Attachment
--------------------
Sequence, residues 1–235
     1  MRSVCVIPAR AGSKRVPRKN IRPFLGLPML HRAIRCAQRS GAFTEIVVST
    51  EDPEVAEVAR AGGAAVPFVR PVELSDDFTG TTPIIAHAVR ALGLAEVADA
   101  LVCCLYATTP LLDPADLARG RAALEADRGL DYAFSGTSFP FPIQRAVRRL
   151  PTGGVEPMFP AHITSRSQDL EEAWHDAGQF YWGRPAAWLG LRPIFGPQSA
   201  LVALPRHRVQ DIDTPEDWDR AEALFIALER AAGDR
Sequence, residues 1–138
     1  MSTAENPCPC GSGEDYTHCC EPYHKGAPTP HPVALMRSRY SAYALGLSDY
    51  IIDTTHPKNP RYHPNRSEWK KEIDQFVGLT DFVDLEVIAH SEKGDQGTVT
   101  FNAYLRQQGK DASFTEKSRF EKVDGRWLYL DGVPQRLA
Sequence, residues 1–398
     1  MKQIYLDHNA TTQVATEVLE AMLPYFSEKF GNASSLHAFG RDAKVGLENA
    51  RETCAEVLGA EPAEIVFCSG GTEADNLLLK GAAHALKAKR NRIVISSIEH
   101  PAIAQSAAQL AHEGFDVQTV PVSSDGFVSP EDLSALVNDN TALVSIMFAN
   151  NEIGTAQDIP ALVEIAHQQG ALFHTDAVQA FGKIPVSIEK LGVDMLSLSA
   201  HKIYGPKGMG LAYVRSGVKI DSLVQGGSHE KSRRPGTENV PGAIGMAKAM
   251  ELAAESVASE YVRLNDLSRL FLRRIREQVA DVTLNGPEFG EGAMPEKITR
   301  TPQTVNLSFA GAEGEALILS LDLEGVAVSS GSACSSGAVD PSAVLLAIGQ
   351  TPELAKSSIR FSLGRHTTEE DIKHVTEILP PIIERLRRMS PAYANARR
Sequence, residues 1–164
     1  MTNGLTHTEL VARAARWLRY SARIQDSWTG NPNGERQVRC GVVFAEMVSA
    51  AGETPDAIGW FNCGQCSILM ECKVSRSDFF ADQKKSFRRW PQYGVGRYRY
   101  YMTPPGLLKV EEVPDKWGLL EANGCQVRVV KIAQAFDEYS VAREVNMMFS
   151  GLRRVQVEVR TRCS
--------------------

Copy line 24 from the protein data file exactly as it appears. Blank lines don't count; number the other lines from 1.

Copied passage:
   151  GLRRVQVEVR TRCS